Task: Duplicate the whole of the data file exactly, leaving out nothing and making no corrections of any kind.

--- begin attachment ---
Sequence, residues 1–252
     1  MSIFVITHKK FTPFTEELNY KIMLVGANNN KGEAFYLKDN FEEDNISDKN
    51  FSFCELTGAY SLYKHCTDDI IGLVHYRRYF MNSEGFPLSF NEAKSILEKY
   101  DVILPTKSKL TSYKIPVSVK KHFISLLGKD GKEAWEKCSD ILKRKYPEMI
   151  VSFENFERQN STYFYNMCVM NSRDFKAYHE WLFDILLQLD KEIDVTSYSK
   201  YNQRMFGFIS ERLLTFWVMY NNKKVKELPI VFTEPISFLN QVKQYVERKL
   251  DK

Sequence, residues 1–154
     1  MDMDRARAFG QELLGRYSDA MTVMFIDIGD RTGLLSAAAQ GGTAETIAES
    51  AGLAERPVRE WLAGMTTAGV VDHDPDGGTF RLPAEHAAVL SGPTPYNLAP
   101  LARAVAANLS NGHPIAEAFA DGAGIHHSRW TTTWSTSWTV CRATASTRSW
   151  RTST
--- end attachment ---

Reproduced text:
Sequence, residues 1–252
     1  MSIFVITHKK FTPFTEELNY KIMLVGANNN KGEAFYLKDN FEEDNISDKN
    51  FSFCELTGAY SLYKHCTDDI IGLVHYRRYF MNSEGFPLSF NEAKSILEKY
   101  DVILPTKSKL TSYKIPVSVK KHFISLLGKD GKEAWEKCSD ILKRKYPEMI
   151  VSFENFERQN STYFYNMCVM NSRDFKAYHE WLFDILLQLD KEIDVTSYSK
   201  YNQRMFGFIS ERLLTFWVMY NNKKVKELPI VFTEPISFLN QVKQYVERKL
   251  DK

Sequence, residues 1–154
     1  MDMDRARAFG QELLGRYSDA MTVMFIDIGD RTGLLSAAAQ GGTAETIAES
    51  AGLAERPVRE WLAGMTTAGV VDHDPDGGTF RLPAEHAAVL SGPTPYNLAP
   101  LARAVAANLS NGHPIAEAFA DGAGIHHSRW TTTWSTSWTV CRATASTRSW
   151  RTST